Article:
Jeff Gore | AIChE

Jeff Gore

Associate Professor of Physics

Jeff Gore is an Associate Professor in the Department of Physics at the Massachusetts Institute of Technology. He leads the Ecological Systems Biology Group, which uses laboratory microcosms to explore the ecological dynamics of interacting populations. Of particular interest are cooperatively growing populations, which can collapse suddenly in deteriorating environments and can also be susceptible to the emergence of “cheater” strategies.

He studied physics, mathematics, and economics at MIT before earning his Ph.D. in Physics at the University of California, Berkeley as a Hertz Fellow studying single-molecule biophysics with Carlos Bustamante. He then returned to MIT as a Pappalardo Fellow, where he used ideas from game theory to explore the evolution of cooperation and cheating with Prof. Alexander van Oudenaarden. Jeff is an NIH New Innovator Awardee, Allen Distinguished Investigator, Sloan Fellow, Pew Scholar in the Biomedical Sciences, and NSF CAREER Awardee. Finally, his efforts in teaching and mentoring have been recognized by the Buechner Teaching Award and the MIT-wide undergraduate research Faculty Mentor of the Year Award.


The Gore biophysics laboratory uses microbial populations to explore how interactions within a population or community can lead to rich emergent phenomena.

Behavior of populations before collapse – Natural populations can collapse suddenly in deteriorating environmental conditions, and recovery after such a collapse can be exceedingly difficult. Theory predicts that in principle changes in the fluctuations of the population size can be used to anticipate an impending "tipping point" leading to population collapse. Our group has used laboratory yeast populations to experimentally measure these theoretically predicted early warning indicators based on critical slowing down (Dai et al, Science (2012)). In addition to changes in the temporal behavior, we have also found that characteristic spatial patterns emerge near a tipping point (Dai et al, Nature (2013)). These early warning indicators can be observed in producer-freeloader communities as well as in different environmental deteriorations (Chen et al, Nature Communications (2014); Dai et al, PNAS (2015)). On an entirely different scale, we have also found that cell memory loses resilience to environmental perturbations approaching such a critical transition (Axelrod et al, eLife (2015)). More recently, we have collaborated with field ecologists to explore these dynamics in intertidal marine communities and in honey bee colonies, suggesting that critical slowing down provides a powerful framework for studying sudden transitions in a wide range of biological systems.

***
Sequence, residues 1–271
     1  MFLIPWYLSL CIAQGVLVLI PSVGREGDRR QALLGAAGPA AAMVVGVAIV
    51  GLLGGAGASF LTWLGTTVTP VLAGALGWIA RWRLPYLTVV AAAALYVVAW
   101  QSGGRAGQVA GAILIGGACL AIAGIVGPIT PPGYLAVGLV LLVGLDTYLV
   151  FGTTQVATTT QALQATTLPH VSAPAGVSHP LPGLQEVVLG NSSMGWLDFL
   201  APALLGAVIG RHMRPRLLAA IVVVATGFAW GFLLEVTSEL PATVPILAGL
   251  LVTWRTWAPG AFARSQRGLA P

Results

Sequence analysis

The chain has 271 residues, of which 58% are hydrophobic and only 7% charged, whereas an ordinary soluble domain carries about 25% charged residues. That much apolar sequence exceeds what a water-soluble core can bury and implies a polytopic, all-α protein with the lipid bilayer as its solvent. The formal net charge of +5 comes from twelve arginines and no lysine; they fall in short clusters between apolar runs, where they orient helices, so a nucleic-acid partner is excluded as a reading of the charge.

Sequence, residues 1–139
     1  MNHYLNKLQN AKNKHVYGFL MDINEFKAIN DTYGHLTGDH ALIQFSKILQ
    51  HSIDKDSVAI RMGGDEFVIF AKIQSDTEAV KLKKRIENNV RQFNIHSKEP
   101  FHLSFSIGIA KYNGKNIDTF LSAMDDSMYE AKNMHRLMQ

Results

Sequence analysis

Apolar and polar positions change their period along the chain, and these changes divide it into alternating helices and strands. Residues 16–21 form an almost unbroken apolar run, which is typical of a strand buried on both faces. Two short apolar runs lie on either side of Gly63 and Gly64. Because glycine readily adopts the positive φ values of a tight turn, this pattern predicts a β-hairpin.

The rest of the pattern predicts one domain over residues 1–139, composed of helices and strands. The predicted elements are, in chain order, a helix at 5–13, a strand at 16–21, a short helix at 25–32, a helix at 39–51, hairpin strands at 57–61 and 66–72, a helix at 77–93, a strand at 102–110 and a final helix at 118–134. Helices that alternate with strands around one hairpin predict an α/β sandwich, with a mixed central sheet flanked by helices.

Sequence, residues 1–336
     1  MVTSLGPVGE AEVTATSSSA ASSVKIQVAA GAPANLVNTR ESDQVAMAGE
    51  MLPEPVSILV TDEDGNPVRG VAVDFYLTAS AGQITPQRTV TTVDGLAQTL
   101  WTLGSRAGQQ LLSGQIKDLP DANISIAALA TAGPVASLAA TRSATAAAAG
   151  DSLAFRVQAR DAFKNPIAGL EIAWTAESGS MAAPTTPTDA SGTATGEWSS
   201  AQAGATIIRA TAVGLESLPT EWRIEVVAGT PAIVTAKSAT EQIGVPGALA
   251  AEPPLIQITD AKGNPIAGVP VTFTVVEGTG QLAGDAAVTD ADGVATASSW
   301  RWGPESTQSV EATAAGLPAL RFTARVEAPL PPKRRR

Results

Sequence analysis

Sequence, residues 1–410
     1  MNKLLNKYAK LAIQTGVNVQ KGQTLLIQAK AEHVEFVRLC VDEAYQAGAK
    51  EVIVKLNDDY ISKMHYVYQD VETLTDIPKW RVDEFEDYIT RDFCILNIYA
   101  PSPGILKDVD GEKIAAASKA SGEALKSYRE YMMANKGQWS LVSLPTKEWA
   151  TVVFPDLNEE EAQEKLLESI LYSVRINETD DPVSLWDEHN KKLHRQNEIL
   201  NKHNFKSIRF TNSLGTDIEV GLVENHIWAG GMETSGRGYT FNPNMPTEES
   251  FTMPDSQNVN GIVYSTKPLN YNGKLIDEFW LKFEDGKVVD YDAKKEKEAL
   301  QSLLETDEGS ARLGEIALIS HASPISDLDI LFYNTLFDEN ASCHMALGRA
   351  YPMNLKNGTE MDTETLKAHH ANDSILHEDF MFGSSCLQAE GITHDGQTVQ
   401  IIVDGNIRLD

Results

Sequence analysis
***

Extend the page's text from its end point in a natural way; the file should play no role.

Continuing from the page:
For more information please visit